To keep sanity, to relax and to fill in the void of time created suddenly by the quarantine we look for things to keep ourselves busy and happy. For readers, books are always a great diversion but with so many titles, genres, new and old books out there, the #toberead lists become longer, and choosing #nextread becomes harder. We all hesitate to commit to something that might not grab and keep our attention.
The dilemma of “too many books too little time to read” got me while drafting this post. Originally, I named the post “10 Books To Read During Quarantine” but as I browsed my library to put out the recommendations, the number exceeded pretty quickly, and it kept on changing. In the end I decided to not put a number in the heading, hence the title changed!!
My suggestions in the post come from my own collection of books that have given me hours of reading pleasure! As with anything else, what one might “like” to read is pretty relative. Many types of books can fit our moods – we may wanna read happy books to uplift us, meaningless ones to keep us busy without any demands, mysteries plots to keep us engaged, lesson-delivering books to improve ourselves, educate and reflect. Keeping that in mind, I thought I would list couple of books from different genres. I included the synopsis with the title for your review! Hopefully this list will help you decide which one to read when!
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Books take us to different places, introduce us to different cultures while we are reading on our couches, trains, planes and treadmills. International literature is a critical genre for today’s readers. My top pick for this is Exit West by Mohsin Hamid, a Pakistani writer. My second choice is Pachinko by Min Jin Lee and my third is another favorite writer, Khalid Hussaini’s “A Thousand Splendid Sun“. These are all amazing books with backdrop of war and migration and in many ways, relatable to our times of self-isolation.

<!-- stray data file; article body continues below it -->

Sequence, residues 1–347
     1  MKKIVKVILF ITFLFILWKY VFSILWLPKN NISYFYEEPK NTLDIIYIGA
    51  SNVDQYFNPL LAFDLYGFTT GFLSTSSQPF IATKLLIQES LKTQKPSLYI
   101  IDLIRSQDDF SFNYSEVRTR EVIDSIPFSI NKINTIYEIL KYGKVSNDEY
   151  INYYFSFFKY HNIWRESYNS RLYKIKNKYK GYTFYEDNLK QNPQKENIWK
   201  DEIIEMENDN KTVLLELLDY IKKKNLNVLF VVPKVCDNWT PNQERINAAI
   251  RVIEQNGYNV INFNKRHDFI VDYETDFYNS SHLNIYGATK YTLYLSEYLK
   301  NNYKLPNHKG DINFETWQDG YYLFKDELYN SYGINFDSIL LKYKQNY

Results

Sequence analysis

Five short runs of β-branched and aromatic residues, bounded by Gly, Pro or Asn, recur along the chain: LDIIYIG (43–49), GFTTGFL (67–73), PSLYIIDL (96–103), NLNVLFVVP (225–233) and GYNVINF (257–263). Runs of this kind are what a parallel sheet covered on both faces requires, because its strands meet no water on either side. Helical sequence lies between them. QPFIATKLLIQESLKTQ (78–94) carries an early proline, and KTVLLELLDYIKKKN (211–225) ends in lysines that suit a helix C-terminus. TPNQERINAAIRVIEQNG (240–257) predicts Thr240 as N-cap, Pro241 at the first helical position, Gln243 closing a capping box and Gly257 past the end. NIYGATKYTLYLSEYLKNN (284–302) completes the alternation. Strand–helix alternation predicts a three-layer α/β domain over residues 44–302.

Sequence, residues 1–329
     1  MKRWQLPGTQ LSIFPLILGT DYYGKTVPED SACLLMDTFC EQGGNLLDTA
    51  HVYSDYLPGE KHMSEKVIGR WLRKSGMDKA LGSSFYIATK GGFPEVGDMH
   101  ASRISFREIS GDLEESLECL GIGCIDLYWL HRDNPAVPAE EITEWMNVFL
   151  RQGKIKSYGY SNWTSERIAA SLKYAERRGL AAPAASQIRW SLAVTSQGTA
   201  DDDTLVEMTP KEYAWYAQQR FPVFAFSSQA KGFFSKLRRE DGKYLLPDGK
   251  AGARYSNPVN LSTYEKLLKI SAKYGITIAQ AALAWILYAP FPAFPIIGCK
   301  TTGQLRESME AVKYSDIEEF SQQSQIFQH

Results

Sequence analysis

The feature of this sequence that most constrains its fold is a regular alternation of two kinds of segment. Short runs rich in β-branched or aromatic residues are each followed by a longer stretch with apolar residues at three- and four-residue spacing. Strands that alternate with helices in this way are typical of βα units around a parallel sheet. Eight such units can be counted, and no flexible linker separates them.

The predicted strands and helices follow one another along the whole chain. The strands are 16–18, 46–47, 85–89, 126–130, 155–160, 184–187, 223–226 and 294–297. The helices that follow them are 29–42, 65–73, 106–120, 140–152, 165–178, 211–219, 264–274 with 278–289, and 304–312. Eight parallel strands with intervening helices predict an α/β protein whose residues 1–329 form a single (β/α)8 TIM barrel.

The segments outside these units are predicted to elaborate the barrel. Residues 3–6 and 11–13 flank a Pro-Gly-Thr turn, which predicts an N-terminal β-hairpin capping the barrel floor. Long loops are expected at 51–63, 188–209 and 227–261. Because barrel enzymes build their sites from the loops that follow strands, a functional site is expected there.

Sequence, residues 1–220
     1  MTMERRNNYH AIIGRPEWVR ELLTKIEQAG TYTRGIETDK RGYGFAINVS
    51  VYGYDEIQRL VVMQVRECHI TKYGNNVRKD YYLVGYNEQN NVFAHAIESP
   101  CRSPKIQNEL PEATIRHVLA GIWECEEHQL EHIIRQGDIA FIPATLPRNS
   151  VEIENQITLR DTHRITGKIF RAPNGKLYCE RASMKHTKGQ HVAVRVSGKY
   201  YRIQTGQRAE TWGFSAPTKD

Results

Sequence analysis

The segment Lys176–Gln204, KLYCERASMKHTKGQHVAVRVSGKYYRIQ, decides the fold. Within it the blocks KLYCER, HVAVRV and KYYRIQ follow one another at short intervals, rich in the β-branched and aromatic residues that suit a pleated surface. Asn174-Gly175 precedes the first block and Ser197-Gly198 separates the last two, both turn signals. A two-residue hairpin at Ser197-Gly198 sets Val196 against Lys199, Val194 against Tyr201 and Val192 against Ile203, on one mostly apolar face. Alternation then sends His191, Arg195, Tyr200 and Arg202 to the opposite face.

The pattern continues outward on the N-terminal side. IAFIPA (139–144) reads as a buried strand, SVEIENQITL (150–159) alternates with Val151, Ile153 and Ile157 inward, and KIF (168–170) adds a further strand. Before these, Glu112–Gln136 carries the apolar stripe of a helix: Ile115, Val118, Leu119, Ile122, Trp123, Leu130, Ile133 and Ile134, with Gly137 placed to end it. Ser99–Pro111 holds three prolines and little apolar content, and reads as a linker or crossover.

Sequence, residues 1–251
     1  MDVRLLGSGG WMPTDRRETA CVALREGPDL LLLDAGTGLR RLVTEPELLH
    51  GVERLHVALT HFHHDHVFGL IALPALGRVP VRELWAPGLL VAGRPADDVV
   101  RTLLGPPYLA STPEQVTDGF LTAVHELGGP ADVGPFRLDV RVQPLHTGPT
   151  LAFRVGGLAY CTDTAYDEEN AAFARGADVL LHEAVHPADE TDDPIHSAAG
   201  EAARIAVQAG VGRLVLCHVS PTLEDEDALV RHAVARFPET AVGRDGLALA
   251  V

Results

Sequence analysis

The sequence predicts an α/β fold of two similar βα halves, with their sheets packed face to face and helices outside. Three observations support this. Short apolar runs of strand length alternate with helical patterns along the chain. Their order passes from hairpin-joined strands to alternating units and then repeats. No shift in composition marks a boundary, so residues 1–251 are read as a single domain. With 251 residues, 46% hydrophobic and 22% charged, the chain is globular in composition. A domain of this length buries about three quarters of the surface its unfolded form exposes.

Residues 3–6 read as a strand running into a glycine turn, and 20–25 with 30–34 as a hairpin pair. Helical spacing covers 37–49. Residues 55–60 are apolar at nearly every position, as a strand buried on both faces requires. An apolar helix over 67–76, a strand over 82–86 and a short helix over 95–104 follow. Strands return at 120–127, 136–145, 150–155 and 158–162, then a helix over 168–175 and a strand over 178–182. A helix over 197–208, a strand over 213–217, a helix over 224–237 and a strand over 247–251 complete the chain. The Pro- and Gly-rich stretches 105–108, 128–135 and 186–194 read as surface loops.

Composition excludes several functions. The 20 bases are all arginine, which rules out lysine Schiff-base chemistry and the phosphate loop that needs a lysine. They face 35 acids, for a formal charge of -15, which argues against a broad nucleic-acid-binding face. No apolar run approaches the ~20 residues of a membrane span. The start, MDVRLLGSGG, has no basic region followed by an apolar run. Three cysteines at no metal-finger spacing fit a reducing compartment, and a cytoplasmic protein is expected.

My experience with contemporary fiction is pretty recent – mostly due to the book clubs that I am part of local and remote. I get to enjoy many titles that just come in the market, which otherwise I would have reservations about. I loved My Grandmother Asked Me To Tell You She’s Sorry by Fredrik Backman and Eleanor Oliphant Is Completely Fine by Gail Honeyman.
Social realism, tragedy or the book counterpart of what we call “art cinema” are cerebral experiences and bring readers face to face with many uncomfortable aspects of lives. Under this category, the first name that comes is F. Scott Fitzgerald’s The Great Gatsby. The second choice is again Mohsin Hamid’s Moth Smoke.
Whodunits/ Mystery/ Suspense:
Regency Crime is my favorite era preferably written by the old masters like Agatha Christie, Sir Arthur Conan Doyale and Georgette Heyer. You can pick any book form these writers and it will have its charm as long as you are in the mood to read mystery from that time period.
For Heyer, my favorite is Why Shoot A Butler. In contemporary mystery/ crime fiction, I recently found Ashley Weaver (Murder at the Brightwell is her debut) great at doing justice to the time-period and producing entertaining crimes. Another favorite title is The General’s Daughter by Nelson DeMille.